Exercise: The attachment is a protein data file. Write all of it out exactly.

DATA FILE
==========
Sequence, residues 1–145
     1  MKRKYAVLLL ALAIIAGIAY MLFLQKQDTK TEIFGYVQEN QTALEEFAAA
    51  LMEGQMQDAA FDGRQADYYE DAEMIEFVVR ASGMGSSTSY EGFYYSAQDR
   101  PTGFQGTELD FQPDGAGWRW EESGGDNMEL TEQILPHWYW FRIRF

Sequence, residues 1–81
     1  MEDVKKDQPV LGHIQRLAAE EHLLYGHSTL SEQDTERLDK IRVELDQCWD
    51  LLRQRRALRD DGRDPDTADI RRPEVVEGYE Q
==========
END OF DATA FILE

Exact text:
Sequence, residues 1–145
     1  MKRKYAVLLL ALAIIAGIAY MLFLQKQDTK TEIFGYVQEN QTALEEFAAA
    51  LMEGQMQDAA FDGRQADYYE DAEMIEFVVR ASGMGSSTSY EGFYYSAQDR
   101  PTGFQGTELD FQPDGAGWRW EESGGDNMEL TEQILPHWYW FRIRF

Sequence, residues 1–81
     1  MEDVKKDQPV LGHIQRLAAE EHLLYGHSTL SEQDTERLDK IRVELDQCWD
    51  LLRQRRALRD DGRDPDTADI RRPEVVEGYE Q